Failed Repeal is a Success

The Affordable Care Act (ACA), colloquially known as “Obamacare,” has become a fixture of the U.S. health care system since the time it was signed into law on March 23, 2010. Since then, the percentage of uninsured Americans has dropped to under ten percent — a first since the number originally began being tracked by the Census Bureau in 1997. This is not to say that the ACA has had an easy ride since its inception. To date, congressional Republicans have attempted over 60 times to repeal it.

The most recent of these attempts on Sept. 26 fell flat, when Senate Republicans announced they were pulling the bill. This was the final chance Republicans had to repeal the ACA before the Sept. 30 cutoff. As of that date, a new bill will require the support of more senators than previously required, which means that votes from both parties will be required for passage. Before this time, only a simple majority of 51 votes was needed to pass budget proposals, instead of the 60 usually required in the face of an (inevitable) filibuster. Those rules expired on Sept. 30, the end of fiscal year 2017, making it substantially harder for the 52 Republicans in the senate to pass any sort of repeal.

Many college students, myself included, benefit from the ACA by remaining on the insurance plans of our parents until we turn 26. Not having the worry of health coverage added to the already deep financial shadow of tuition, rent and food is a great help. For students over 26, or that choose not to remain on their parents’ plans, the ACA provides assistance to those with annual incomes between 100-400 percent of the federally accepted poverty level. For an individual, this means an annual income of between roughly $12,000-$48,000 a year. And in the 31 states that voted to expand Medicaid, the federal and state governments provide assistance to anyone at 133 percent of the federal poverty level or below. But while the ACA has brought healthcare to many who previously could not access it, it is not without its shortcomings.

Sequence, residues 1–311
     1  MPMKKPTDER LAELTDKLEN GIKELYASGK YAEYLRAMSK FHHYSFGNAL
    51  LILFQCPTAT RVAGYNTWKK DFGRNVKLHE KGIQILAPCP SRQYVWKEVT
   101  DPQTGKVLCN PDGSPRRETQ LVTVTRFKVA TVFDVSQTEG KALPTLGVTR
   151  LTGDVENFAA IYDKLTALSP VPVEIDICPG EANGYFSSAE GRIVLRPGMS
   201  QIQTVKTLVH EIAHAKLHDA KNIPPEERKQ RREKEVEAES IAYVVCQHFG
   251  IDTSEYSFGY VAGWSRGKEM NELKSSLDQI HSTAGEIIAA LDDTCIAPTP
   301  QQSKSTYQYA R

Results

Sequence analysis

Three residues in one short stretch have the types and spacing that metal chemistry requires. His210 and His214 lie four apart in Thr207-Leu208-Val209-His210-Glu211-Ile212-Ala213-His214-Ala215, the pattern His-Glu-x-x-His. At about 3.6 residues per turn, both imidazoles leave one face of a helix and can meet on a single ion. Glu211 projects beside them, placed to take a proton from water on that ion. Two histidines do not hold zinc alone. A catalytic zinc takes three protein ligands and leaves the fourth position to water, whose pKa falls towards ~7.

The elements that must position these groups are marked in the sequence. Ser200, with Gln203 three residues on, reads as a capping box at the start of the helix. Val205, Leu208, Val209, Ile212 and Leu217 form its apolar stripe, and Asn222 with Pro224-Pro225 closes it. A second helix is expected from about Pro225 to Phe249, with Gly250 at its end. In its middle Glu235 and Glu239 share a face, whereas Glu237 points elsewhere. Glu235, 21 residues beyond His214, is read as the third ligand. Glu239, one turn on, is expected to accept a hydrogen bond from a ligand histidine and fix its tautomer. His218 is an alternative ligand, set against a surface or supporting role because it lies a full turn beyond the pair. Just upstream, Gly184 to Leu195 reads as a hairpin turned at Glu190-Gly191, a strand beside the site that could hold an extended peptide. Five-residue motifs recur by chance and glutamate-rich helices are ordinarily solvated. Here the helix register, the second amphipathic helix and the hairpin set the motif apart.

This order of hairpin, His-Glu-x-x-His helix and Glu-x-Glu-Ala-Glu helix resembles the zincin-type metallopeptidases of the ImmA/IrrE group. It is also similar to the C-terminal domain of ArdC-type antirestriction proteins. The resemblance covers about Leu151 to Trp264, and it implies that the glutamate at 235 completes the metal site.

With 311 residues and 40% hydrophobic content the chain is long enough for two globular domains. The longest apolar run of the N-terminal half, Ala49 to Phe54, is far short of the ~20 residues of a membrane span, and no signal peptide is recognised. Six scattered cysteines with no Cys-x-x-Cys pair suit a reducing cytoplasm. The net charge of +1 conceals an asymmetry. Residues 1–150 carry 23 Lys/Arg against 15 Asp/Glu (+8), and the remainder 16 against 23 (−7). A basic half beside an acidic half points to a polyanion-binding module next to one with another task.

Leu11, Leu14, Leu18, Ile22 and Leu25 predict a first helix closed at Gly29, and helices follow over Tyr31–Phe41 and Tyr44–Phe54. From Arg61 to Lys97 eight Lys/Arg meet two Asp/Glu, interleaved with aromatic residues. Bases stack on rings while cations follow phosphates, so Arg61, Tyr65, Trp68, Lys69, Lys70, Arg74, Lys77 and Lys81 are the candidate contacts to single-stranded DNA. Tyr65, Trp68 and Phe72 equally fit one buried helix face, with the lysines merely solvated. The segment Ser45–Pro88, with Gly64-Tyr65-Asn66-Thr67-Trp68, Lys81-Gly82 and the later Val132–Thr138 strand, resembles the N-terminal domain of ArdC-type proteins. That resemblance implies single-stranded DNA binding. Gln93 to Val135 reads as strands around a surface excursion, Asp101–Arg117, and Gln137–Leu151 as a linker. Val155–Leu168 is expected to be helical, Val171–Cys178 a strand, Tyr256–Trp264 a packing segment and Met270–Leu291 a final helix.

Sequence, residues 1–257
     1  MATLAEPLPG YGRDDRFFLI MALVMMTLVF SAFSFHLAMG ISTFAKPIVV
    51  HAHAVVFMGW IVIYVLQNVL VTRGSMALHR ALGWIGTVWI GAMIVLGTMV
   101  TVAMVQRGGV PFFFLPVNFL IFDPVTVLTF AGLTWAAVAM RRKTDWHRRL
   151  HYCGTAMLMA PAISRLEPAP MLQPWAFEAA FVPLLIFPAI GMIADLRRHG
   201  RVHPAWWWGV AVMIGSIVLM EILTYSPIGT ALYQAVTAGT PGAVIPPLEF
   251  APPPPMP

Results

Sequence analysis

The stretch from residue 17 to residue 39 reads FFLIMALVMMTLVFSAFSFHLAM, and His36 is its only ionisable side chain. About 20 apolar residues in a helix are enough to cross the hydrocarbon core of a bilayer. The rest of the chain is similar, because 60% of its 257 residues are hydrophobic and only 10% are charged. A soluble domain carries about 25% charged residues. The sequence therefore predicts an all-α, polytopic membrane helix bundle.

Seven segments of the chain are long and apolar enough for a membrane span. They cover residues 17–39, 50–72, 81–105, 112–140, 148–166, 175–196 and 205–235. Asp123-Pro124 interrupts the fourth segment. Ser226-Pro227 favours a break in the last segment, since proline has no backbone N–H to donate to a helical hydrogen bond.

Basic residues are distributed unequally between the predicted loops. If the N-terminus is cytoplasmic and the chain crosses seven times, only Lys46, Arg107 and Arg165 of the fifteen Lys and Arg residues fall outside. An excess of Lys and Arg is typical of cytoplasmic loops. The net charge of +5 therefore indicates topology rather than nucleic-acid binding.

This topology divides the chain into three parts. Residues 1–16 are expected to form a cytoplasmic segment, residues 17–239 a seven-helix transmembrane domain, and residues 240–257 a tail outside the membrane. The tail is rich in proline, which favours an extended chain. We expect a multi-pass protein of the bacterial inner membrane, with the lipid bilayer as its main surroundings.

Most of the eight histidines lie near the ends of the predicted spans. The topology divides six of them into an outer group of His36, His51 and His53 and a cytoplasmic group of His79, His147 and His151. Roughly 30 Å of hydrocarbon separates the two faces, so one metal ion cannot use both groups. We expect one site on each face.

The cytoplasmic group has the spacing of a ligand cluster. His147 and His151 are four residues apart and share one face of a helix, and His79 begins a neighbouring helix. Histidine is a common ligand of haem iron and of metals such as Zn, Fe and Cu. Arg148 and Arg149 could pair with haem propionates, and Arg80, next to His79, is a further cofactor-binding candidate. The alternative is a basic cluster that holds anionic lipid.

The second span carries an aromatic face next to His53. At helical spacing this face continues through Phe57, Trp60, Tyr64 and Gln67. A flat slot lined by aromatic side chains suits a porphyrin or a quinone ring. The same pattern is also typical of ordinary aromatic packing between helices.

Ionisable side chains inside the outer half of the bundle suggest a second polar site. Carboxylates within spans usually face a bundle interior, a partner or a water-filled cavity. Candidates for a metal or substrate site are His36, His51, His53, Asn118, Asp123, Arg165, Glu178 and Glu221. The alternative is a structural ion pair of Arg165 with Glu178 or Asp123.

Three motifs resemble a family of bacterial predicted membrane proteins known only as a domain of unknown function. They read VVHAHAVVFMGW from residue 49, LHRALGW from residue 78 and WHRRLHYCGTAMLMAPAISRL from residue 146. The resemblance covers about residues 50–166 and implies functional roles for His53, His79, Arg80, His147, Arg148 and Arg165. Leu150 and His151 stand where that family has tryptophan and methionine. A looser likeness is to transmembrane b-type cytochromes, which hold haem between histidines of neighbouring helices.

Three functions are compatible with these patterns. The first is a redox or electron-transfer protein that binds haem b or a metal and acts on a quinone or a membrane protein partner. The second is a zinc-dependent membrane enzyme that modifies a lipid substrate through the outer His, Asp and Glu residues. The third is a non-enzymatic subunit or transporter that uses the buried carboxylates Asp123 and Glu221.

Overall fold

Although it has slowed the rate of health care spending, many Republicans object to the overall cost of the program: the cost of the ACA is projected at $1.2 trillion over the 2016-2025 period. They also object to the ideology of the ACA, preferring to keep the health care market in the private sector, rather than making it a government-controlled marketplace.  However, according to the non-partisan Committee for Responsible Budget, the proposed repeal of the ACA would cost an estimated $350 billion and would leave nothing left over for the replacement system, which would require an increase to the national debt unless other programs were cut as well. Yes, the ACA is expensive, but why should we spend even more money for a replacement plan that doesn’t improve upon the original?

If the Republican party plans to seriously attempt to cut the ACA they will need to create a replacement that improves upon the current system, which they have so far failed to provide. Both the plans offered by the House and the Senate in the most recent vote would slash costs of insurance by allowing providers to strip down their coverage plans, provided they at least offer one plan that meets the ACA standards. This could potentially raise premiums for sick individuals as healthy persons migrate to the cheaper, less intensive plans. Many other aspects of Obamacare would fall under the axe as well, including free access to cancer screenings, flu immunizations and birth control, among other things.

Perhaps of more concern for those of us here at MSU, we would no longer be allowed to share a health care plan with parents, adding insurance costs to the ever growing financial burden on students. The ACA may not be perfect, but it’s a far sight better than any alternative that’s been proposed up to this point.